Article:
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Mark Richards Stephanie Henry
October 15, 2021 Article 5 min read

The requirements of regulatory bodies are changing rapidly, and our clients need a clear path to manage those changes, make accurate and efficient budgeting decisions, and optimize their supply chain. Our solution? The Analytics Center of Excellence.

Three analytics professionals working on their laptops late at night.Most organizations typically have access to an incredible wealth of data. However, they don’t always have a way to transform that data into insights that can lead to better, more informed decisions. Building a successful analytics program takes more than purchasing an analytics tool and pushing out flashy reports. Done right, a successful analytics program requires a solid foundation that supports the organization’s vision, and it needs the ability to scale and adapt to changing needs. Enter the Analytics Center of Excellence.

What’s an Analytics Center of Excellence?

Plante Moran’s four-step Analytics Center of Excellence (ACE) process combines a range of analytics best-practice methodologies, including those of major analytics software vendors, into a single pathway. We developed this program to help our clients manage the rapidly changing requirements of regulatory bodies, make better budgeting decisions, and optimize how they deliver products and services.

There are four phases along the ACE pathway, enabling leaders to develop a successful analytics strategy and successfully implement and iterate an analytics solution: Discover, Plan, Build, and Evolve.

Analytics Center of Excellence diagram showcasing the process for discover, plan, build, and evolve stages.

Phase 1: Discover

If you don’t know where you’re coming from, how can you figure out which path will get you to your desired destination? That question is at the heart of the Discovery phase.

If you don’t know where you’re coming from, how can you figure out which path will get you to your desired destination?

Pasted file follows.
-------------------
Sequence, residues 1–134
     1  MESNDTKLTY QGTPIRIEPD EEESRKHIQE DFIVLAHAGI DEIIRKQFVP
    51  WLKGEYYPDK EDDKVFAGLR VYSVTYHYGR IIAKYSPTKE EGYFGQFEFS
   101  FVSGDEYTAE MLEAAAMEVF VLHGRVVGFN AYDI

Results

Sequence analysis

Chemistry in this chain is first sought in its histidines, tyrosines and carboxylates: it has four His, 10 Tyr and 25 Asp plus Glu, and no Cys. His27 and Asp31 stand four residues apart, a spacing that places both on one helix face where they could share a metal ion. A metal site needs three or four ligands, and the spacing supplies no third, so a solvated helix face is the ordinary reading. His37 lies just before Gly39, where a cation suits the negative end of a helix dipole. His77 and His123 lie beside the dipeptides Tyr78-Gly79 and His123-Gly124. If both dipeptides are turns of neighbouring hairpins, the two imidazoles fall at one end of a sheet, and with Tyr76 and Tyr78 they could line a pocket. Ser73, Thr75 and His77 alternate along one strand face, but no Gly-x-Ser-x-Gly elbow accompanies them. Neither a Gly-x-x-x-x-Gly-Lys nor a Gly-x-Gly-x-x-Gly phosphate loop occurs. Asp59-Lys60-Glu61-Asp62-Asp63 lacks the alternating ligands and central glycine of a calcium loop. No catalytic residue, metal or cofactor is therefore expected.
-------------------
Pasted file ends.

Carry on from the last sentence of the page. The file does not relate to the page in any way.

For any organization, it’s important to evaluate data maturity — current operations, including the primary practices and attitudes among staff, to have a solid grasp of where to focus efforts first.  Ask yourself:

  • What does a day in the life of the organization’s staff look like?
  • How do they use data?
  • How is data stored and maintained?
  • Do staff and decision makers trust the data they use, or do they question its accuracy and reliability?
  • Do staff have the skillsets needed to work with and interpret data?

The answers to these and similar questions provide a foundation of understanding that makes clear the current state, the future state, and any hurdles between them.

Phase 2: Plan

In the Plan phase, the information gleaned in the Discover phase is used to build an overall management structure for analytics, including responsibilities and accountabilities at micro and macro levels. Then, it’s time to look at the ACE’s day-to-day functioning and establish a roadmap for the program’s first three, six, and 12 months. Longer-range goals are broken down into manageable, measurable segments with milestones and decision points as required.

During this phase, any software tools already available should be considered. If you’re not already using software tools, the functionality needs identified during the Discovery phase should be used when comparing and evaluating potential technology to determine the tool (or tools) best suited to your organization’s needs.

Phase 3: Build

The Build phase is all about implementation — from data and reporting architecture to training initiatives and communication platforms. The ultimate goal of this phase is to establish reliable, repeatable best practices and to produce an initial set of analytics content and interactive dashboards. It’s also important to set up a communication/information site to provide people with important resources and transparency about the operations of the ACE.